Summary: homily for memorial service for Gayle Lamb Nash
Today we are here to celebrate the life of Gayle Lamb Nash: a daughter, a sister, an aunt, a wife, a mother, a grandmother, a dear friend and a member of this parish.
Gayle was born on November 20, 1937 and was released from her pain on May 9, 2016. The birth and death statistics are always mentioned in obituaries, as if those define the totality of the person.
But what is most important, and what we want to remember today – is what happened between those two dates –
who Gayle was,
what she did and
what she meant to all of us,
in those 78 years.
One could rightfully say that Gayle was a person of commitment. She worked at Nationwide Insurance for thirty years. As we have heard, Nationwide was an integral part of her adult life. There she made contact with many people, both within the organization and in the greater Columbus business community. She knew a lot of the movers and shakers in the city and could enlist their aid for community projects, both large and small.
Gayle was a stalwart member of Trinity Church; she became a member when her children was young and was an active leader here. She taught Sunday School, served on and lead many committees, and was known to one and all as ‘the Christmas lady’. She was determined that the decorations for Advent and Christmas would be done beautifully and properly, and each year she directed everyone to make sure it was done ‘just right’. Some of the now adult members of the congregation remember well assisting her as children with hanging of swags, lighting candles and changing the bow from blue to red. For years, Gayle ensured that Trinity would look perfect as we progressed through the Advent/Christmas season.
She was a proud member of West High School Class of 1955, and was active in any activities related to the school throughout her life. She also attended The Ohio State University, and anyone who knew Gayle knew that scarlet and grey flowed in her veins. She was a constant and vigorous supporter of her beloved Buckeyes.
Gayle was always there, not only for her family, but also her friends and associates. But certainly her most loyal commitment was to her family.
Her grandchildren have posted remembrances on Facebook attesting to their love for her and how deeply important her love and caring has been in their lives. She often was a second mother to them, their rock, and someone they could come to when they needed advice.
Of course, not only was she dear to her children and grandchildren, but they were dear to her. She was proud of each and every one of them, their accomplishments and the young adults they have or are becoming. Her family was the most important thing to her.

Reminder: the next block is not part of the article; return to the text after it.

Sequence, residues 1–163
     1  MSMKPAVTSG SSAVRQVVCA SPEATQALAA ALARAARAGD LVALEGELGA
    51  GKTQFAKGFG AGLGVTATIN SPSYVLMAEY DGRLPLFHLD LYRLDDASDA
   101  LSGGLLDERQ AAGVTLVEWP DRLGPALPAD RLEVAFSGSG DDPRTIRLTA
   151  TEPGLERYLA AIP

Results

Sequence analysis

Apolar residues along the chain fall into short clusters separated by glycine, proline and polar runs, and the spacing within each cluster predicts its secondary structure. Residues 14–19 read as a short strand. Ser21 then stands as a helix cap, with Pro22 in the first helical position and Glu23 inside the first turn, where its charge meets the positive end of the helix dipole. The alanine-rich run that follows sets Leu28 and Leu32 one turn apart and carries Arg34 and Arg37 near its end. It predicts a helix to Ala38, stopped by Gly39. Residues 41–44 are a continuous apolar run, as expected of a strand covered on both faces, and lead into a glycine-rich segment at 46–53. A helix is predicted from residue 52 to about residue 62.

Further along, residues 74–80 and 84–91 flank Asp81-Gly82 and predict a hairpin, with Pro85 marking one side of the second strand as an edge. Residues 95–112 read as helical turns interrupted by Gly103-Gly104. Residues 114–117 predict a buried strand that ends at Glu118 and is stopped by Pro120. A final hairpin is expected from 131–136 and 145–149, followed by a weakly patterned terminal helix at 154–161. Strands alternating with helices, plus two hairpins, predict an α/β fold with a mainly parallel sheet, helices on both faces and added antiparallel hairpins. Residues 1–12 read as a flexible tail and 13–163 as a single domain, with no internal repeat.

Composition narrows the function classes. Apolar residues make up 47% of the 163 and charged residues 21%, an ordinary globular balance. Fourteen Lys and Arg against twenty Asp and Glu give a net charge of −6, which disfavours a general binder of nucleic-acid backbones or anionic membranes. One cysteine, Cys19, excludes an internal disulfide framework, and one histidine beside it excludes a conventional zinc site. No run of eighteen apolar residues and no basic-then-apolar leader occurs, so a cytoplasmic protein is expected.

I was lucky enough to have not only provided pastoral support, but also to have been a friend of Gayle’s. While I was going through the ordination process, she was always there to reaffirm my calling, and in later years, I always felt her love and support. I like, many who knew her, feel a loss in our hearts. But we have the memories of what she meant to us, what she did for us, and what she taught us to sustain us.
Always strong and determine in everything she did. Gayle was a trooper -through challenges and struggles, through good times and life’s changes, she ‘soldiered on; with unyielding purpose and strength of conviction. It is not surprising then, that Gayle fought her disease and her failing health to the very end. When I visited her shortly before she died, we planned this service. . . and she had definite ideas about what it should and shouldn’t be.
Gayle, You and God are in charge now, and we hope we are fulfilling your wishes!
Gayle’s faith kept her going throughout the past year. As a beloved child of God, she knew that death was not the end, but only the beginning of a new phase of her life. She knew she would be reunited with her parents and other loved ones who went before her. And that same faith assured her that those who she left on earth would be supported by the love of God until they were with her again.
We are reminded in Ecclesiastes that
For everything there is a season, and a time for every matter under heavens. A time to be born, and a
time to die; . . . a time to weep, and a time to laugh; a time to mourn, and a time to dance; . . . a time to
love, and a time for peace. (Ecclesiastes 3:1-8)
So today we mourn the passing of Gayle Lamb Nash, and we may weep. Be we can also laugh and dance and be at peace, secure in the assurance of eternal life that we all share as promised by the resurrection of Jesus. We can hold close to each other with Gayle’s spirit alive in each of us, and for all eternity. As the poet Mary Elizabeth Frye beautifully express, we can hear Gayle remind us: